Strom proposes an alternative approach with three elements: conditional approval, an empowered US Food and Drug Administration (FDA), and a complementary nongovernmental organization.
When a drug is initially approved, it should ideally enter a period of conditional approval, he says. In this period, marketing, especially DTC, would be restricted. Drug labels would need to be clearly marked that the drug's approval is conditional and has only been studied in a limited number of patients. Removal of label caveats would depend on the outcome of subsequent studies and their findings, depending on the numbers of individuals in the studies, and the risk and novelty of the drug, as well as addressing all premarketing safety questions.
"The current system is moving toward a delay in drug approval, still followed by optional postmarketing studies," notes Strom. "Instead, the proposed approach would be conditional approval followed by postmarketing studies required before the condition is removed."
Secondly, Strom maintains that the FDA needs an increased ability to regulate drugs after marketing, so that it can require post-marketing studies and labeling changes as a rule, rather than those changes being subject to negotiation between the regulatory agency and industry. It also needs substantially more resources for the postmarketing study of drug safety.
Strom concludes by proposing that an independent, nongovernmental organization is needed for nonregulatory tasks that are not within the mission of the FDA. Since many of these tasks are academic in nature – for example, performing postmortem examinations in the event of drug disasters or developing new pharmacoepidemiological methods – he suggests that the Agency for Healthcare Research and Quality (AHRQ)-funded Centers for Education and Research in Therapeutics (CERTS) or the Institute of Medicine (IOM) might play a role.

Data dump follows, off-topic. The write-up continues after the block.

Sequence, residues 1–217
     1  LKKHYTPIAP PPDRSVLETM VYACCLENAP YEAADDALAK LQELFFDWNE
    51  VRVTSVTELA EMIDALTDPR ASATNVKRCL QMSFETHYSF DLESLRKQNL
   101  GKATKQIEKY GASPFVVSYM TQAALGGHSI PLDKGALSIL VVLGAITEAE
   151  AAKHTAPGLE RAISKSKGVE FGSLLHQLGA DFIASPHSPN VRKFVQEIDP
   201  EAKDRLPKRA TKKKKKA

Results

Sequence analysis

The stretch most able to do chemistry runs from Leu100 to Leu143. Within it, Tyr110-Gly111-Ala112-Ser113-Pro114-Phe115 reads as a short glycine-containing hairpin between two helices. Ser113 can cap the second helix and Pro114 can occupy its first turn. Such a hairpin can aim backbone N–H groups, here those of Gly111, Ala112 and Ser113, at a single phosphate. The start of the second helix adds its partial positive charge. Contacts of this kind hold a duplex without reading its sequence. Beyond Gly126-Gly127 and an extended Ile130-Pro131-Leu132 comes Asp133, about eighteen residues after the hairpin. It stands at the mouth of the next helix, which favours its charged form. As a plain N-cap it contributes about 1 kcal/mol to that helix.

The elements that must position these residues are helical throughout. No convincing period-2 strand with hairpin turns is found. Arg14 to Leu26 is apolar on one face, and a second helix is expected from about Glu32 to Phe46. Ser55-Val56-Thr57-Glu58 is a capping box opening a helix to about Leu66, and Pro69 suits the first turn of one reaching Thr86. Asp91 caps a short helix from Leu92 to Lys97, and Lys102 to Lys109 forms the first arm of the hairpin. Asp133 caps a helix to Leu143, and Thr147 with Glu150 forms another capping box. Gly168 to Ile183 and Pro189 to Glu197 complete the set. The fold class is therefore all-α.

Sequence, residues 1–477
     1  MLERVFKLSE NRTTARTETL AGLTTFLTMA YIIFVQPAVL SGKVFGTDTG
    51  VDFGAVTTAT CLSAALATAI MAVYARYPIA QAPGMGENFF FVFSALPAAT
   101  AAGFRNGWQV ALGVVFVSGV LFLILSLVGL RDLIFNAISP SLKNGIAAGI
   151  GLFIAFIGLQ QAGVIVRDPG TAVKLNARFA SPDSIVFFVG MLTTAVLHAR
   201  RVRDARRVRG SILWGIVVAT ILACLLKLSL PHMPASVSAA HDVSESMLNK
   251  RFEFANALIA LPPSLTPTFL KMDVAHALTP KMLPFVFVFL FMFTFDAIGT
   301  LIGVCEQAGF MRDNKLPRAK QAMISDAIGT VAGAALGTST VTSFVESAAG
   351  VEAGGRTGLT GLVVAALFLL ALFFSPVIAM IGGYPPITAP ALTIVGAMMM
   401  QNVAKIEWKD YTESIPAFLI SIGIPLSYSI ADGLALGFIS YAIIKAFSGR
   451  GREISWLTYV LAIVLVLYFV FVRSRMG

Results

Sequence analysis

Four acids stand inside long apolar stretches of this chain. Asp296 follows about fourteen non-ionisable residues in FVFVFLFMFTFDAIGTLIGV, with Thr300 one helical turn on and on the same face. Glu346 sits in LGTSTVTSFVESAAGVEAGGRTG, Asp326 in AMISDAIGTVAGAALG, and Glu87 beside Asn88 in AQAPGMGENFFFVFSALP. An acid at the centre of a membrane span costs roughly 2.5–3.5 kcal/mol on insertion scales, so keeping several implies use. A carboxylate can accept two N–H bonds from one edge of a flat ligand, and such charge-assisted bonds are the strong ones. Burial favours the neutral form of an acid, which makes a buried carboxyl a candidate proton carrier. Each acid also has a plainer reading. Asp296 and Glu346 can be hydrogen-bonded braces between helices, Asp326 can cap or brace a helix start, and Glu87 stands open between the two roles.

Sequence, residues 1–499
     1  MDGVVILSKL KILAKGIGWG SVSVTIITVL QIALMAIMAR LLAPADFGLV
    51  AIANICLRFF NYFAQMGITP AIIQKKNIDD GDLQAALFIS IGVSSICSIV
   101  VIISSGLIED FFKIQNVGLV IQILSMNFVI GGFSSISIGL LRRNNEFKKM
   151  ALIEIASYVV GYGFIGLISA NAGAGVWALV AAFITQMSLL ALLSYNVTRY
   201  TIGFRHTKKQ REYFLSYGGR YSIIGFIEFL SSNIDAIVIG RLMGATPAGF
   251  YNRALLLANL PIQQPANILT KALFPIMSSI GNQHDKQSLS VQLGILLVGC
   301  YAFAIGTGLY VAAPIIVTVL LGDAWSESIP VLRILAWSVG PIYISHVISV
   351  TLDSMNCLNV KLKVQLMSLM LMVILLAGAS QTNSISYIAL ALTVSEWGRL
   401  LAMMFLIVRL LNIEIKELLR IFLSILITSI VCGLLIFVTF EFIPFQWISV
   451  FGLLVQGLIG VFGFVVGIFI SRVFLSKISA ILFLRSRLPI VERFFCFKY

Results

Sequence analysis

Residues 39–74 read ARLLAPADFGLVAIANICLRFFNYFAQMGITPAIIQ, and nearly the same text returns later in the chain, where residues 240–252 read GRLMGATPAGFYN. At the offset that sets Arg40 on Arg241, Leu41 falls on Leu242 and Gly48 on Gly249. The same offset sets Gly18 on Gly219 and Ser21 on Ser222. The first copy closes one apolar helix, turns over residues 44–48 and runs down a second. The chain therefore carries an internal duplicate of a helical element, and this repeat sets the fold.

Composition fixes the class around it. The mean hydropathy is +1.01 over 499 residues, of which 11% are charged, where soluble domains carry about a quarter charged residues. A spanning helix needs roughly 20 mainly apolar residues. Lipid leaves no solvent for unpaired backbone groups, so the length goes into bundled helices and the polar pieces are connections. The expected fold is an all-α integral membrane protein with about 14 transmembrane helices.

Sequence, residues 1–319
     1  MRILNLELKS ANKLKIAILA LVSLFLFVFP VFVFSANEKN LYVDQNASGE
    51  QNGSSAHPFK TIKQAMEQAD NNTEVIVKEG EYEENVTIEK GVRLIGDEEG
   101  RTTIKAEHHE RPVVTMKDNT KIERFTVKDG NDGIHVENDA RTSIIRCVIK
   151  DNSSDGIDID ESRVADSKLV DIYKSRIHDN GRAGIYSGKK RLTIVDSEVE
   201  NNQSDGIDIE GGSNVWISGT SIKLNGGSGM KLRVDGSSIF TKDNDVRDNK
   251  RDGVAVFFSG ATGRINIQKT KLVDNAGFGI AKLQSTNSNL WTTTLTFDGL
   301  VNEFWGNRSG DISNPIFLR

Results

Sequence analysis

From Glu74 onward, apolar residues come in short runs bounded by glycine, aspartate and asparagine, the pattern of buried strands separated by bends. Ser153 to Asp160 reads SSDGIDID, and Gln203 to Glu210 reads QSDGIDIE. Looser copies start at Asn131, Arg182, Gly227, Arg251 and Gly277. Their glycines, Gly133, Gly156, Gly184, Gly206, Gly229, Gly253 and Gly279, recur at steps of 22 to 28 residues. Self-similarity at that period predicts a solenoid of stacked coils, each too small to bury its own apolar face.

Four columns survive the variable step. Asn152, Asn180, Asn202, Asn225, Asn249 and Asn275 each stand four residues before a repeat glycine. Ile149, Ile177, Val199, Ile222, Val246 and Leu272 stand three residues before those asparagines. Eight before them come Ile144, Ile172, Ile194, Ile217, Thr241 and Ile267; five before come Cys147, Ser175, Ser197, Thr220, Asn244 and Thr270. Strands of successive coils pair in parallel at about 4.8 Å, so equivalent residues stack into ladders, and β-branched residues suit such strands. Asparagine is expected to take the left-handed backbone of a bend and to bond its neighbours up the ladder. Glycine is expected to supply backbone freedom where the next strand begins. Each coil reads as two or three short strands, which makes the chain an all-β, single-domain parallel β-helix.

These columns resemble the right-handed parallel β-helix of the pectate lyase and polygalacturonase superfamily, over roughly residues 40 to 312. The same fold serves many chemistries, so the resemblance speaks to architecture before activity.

"A key benefit of this proposed approach for the public would be that drug use immediately after marketing would be reduced to those who truly need the drug, in whom the risk-benefit balance in the face of uncertainty is more favorable," Strom says.
This release can also be found at: www.uphs.upenn.edu/news.
Strom receives funding from the National Institutes of Health; the AHRQ (including CERT funding, DEcIDE [Developing Evidence to Inform Decisions about Effectiveness] funding, and patient safety funding); has received grants and served as a consultant to most major pharmaceutical firms; and is an FDA Special Government Employee for serving on FDA advisory committees. There was no funding support for the work presented in this article.
These ideas were presented as an invited talk at the IOM annual meeting, October 23-24, 2005, Washington, DC
PENN Medicine is a $2.9 billion enterprise dedicated to the related missions of medical education, biomedical research, and high-quality patient care. PENN Medicine consists of the University of Pennsylvania School of Medicine (founded in 1765 as the nation's first medical school) and the University of Pennsylvania Health System.
Penn's School of Medicine is ranked #2 in the nation for receipt of NIH research funds; and ranked #3 in the nation in U.S. News & World Report's most recent ranking of top research-oriented medical schools. Supporting 1,400 fulltime faculty and 700 students, the School of Medicine is recognized worldwide for its superior education and training of the next generation of physician-scientists and leaders of academic medicine.
The University of Pennsylvania Health System includes three hospitals [Hospital of the University of Pennsylvania, which is consistently ranked one of the nation's few "Honor Roll" hospitals by U.S. News & World Report; Pennsylvania Hospital, the nation's first hospital; and Penn Presbyterian Medical Center]; a faculty practice plan; a primary-care provider network; two multispecialty satellite facilities; and home care and hospice.
Last reviewed: By John M. Grohol, Psy.D. on 21 Feb 2009
Published on PsychCentral.com. All rights reserved.